He said chances were already slim a young man from a small city in Switzerland would find himself in Rome during such a historic transition. But not only was he in Rome, he was one of a select corps of men required to be close to the unfolding events in public and behind the scenes.
"I really can't describe it, it was just amazing."
TOPICS: Catholic; Current Events
KEYWORDS: guard; swiss; vatican
posted on 05/09/2013 5:52:11 AM PDT
To: netmilsmom; thefrankbaum; Tax-chick; GregB; saradippity; Berlin_Freeper; Litany; SumProVita; ...
Pope Francis to Swiss Guard: The Lord walks with you!
(Vatican Radio) Pope Francis met today with the members of the Pontifical Swiss Guard. In his address to the Guards, the Holy Father reminded them The Faith that God gave you on the day of Baptism is the most precious treasure you have! And your mission in the service of the Pope and of the Church finds in the Faith its source . . . Dear Swiss Guards, do not forget, the Lord walks with you.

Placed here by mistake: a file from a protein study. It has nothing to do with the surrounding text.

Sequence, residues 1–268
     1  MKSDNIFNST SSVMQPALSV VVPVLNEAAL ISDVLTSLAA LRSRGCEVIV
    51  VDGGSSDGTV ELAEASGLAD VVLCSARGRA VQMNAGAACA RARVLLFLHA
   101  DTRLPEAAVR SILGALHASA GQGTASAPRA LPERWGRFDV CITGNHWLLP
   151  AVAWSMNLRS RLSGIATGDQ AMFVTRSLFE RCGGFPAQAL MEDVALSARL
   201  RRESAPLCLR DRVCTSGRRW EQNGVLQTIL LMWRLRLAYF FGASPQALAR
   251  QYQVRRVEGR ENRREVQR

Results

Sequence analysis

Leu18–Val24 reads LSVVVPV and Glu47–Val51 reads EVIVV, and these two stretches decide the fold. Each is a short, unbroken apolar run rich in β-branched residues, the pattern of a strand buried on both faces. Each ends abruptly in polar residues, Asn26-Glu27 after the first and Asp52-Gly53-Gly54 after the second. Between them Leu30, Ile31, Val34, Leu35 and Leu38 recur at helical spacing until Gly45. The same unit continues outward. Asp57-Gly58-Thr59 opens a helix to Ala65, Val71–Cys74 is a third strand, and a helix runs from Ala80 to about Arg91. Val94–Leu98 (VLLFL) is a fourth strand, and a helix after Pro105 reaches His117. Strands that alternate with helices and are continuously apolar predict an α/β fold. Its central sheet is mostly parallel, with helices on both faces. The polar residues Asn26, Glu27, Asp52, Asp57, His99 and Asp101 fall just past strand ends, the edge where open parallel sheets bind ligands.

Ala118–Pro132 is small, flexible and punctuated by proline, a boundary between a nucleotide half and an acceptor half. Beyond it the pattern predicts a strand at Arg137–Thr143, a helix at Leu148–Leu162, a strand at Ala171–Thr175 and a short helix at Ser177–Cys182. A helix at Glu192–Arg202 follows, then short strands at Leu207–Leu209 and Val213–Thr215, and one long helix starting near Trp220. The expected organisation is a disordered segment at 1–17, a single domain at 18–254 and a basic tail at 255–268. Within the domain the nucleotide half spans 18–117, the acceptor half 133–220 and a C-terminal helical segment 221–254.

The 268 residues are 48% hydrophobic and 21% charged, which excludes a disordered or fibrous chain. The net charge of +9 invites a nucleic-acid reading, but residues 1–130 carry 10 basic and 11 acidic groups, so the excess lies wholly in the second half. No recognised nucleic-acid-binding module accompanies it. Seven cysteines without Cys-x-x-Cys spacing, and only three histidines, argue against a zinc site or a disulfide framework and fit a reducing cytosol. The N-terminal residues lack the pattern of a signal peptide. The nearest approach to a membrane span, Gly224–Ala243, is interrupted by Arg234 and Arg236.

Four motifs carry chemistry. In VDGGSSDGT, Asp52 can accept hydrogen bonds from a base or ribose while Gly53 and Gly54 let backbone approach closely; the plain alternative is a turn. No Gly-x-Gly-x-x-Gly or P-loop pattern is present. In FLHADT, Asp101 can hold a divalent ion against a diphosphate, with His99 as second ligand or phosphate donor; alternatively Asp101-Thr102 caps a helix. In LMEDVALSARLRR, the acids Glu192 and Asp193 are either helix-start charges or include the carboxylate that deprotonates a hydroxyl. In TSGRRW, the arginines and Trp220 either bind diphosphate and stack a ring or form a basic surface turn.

Each year on May 6th, the Swiss Guard commemorates the sacrifice of 147 soldiers who died defending Pope Clement VII during the Sack of Rome, in 1527.
To commemorate the heroic death of the soldiers, the anniversary is also the occasion of the solemn oath of 35 new recruits, which took place this afternoon in the Paul VI Audience Hall.
Dr Donald Prudlo, associate professor of medieval history at Jacksonville State University in Alabama (USA) told us more about the Swiss Guard:
For hundreds of years Swiss guards formed part of the bodyguards of the monarchs of Europe. This began in the late middle ages, when Swiss mercenary companies were highly sought after. Kings and princes soon discovered that their Swiss troops were loyal and far less open to corruption than other military forces. Their history is full of heroic stories about their protection of various sovereigns, not the least of which was their defence of King Louis XVI in 1792, when hundreds of them lost their lives defending the Tuileries Palace from revolutionaries.